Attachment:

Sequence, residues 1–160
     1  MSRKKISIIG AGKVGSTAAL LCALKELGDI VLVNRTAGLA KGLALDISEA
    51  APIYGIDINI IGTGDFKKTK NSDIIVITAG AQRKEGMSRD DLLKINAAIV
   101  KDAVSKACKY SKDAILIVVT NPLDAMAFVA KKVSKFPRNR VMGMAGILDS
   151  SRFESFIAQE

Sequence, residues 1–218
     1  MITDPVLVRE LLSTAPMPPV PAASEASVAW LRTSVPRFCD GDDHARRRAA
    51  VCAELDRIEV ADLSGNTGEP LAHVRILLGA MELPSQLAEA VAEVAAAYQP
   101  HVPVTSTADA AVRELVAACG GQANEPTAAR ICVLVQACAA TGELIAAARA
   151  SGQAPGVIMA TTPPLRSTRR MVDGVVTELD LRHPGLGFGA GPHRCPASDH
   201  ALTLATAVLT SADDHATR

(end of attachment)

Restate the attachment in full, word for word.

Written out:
Sequence, residues 1–160
     1  MSRKKISIIG AGKVGSTAAL LCALKELGDI VLVNRTAGLA KGLALDISEA
    51  APIYGIDINI IGTGDFKKTK NSDIIVITAG AQRKEGMSRD DLLKINAAIV
   101  KDAVSKACKY SKDAILIVVT NPLDAMAFVA KKVSKFPRNR VMGMAGILDS
   151  SRFESFIAQE

Sequence, residues 1–218
     1  MITDPVLVRE LLSTAPMPPV PAASEASVAW LRTSVPRFCD GDDHARRRAA
    51  VCAELDRIEV ADLSGNTGEP LAHVRILLGA MELPSQLAEA VAEVAAAYQP
   101  HVPVTSTADA AVRELVAACG GQANEPTAAR ICVLVQACAA TGELIAAARA
   151  SGQAPGVIMA TTPPLRSTRR MVDGVVTELD LRHPGLGFGA GPHRCPASDH
   201  ALTLATAVLT SADDHATR